- Dualism – yes
- beast vs. Lamb
- Pessimism – nope
- The death, resurrection, and glorification of Christ destroys pessimism.
- Determinism – absolutely no
- No prearranged history
- We have free will
- What we do matters
- Imagery – are you kidding?
- Recapitulation – yes, yes, at least 5 times yes!
- Suffering – sadly, yes – for many
- Pseudonymous – No. John writes as himself
- He does reposition himself in an earlier time to talk about the past as if it is the future.
- God as Creator – completely
- Creation is affected by evil and God’s judgement, but never totally destroyed
- God as Covenant-Maker – Dang skippy!
- God renews His covenant – Rev 21:3-4
- “And I heard a loud voice from the throne saying, ‘Look! God’s dwelling place is now among the people, and he will dwell with them. They will be his people, and God himself will be with them and be their God. 4 ‘He will wipe every tear from their eyes. There will be no more death’[b] or mourning or crying or pain, for the old order of things has passed away.’”
- A new Israel/people – Yes.
- The church is the bride of the Lamb
- An ideal King/Messiah – 100% YES!
- The Lamb who was slain, the King of kings, the Lord of lords.
- The end of evil – definitely!
- That is the great hope of Revelation
Taken from Answers For Chicken Little: A No-Nonsense Look at the Book of Revelation by Dan Boone
Eight Characteristics of Apocalyptic Writing
A line drawn in the sand between two opposing forces. – God vs, Satan, Light vs. Darkness, the Lamb vs. the Beast
Also includes an element of time: Present evil age vs. the coming reign of God
- Doom & gloom – all is lost – we have been forsaken and left for dead
- The idea that God has already made up His mind about how history will unfold.
- End is known before the beginning
- Just get in line and let everything play out
- Apocalyptic literature is loaded with imagery
- Revelation loaded with imagery
- Blood flowing from horses’ reins
- Angels dumping bowls of fire onto the earth
- Images have great meaning – but are not to be taken literally.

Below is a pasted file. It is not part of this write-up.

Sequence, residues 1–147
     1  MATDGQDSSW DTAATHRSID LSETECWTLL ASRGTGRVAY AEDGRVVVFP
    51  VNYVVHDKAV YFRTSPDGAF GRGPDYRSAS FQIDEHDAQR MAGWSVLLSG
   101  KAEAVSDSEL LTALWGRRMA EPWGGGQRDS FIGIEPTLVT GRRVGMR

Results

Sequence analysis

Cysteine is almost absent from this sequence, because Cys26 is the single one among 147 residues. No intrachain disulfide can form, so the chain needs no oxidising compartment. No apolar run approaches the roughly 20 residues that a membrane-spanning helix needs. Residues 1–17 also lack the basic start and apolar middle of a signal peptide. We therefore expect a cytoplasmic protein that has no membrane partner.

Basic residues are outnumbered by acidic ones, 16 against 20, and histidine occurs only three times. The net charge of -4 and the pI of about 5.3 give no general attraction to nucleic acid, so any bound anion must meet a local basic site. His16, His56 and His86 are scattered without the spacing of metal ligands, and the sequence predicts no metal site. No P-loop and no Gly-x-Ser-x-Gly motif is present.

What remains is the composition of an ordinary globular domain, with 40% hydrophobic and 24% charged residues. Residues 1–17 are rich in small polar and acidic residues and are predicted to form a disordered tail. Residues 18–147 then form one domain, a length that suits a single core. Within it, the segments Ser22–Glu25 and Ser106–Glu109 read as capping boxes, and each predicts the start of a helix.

- Numbers, numbers and more numbers
- Numbers have meaning beyond their numerical value
- 7= wholeness, completeness
- 666 = the name of the beast
- 12, 24, 144,000 = the people of God
- Going over the same subject repeatedly with variation
- Revelation revisits the same theme at least five times
- Apocalyptic literature is always written when things are going bad
- It’s a cry from the bottom of the pile
- Suffering of the seven churches birthed Revelation
- Writer uses someone else’s name
- Someone who lived in the past
- Someone with a lot of credibility
Six Characteristics of Prophetic Literature
- God as Creator
- The prophets connected the God of the beginning with the God of the ending.
- The God we see in Revelation makes all things new.
- He finishes what He started.
- God as Covenant Maker
- Prophets knew that God works in and through His people
- Through a lineage of failed kings, God will bring His Messiah.
- Prophets are optimistic
- They always have hope because salvation comes from God
- A New Israel/People of God
- The prophets – and John too – celebrate God’s intent to create for Himself a people who worship Him in spirit and in truth.
- An Ideal King/Messiah
- God would establish a ruler to lead His people
- The Spirit of the Lord would rest on Him
- He would rule in wisdom and power
- A Rebuilt Temple
- The prophets always looked forward to a rebuilding of the Temple in Jerusalem.
- Because that is all they knew.
- Acts 7:48
- “…the Most High does not live in houses made by human hands.”
- Revelation 21:22 – John describes a new Jerusalem with no temple
- The End of Evil
- The prophets imagined a day when evil would no longer exist.
- Evil destroyed
- Lambs lie down with lions
- Apocalyptic writers looked for the end of history
- Prophetic writers looked for the end of evil within history.
Finally – we can’t ignore that John wrote his revelation in the form of a letter to the seven churches.
- He opens (1:4-7) and concludes (22:21) as he would a letter.
This is a further reminder to read it in context first.
Taken from Answers for Chicken Little: A No-Nonsense Look at the Book of Revelation by Dan Boone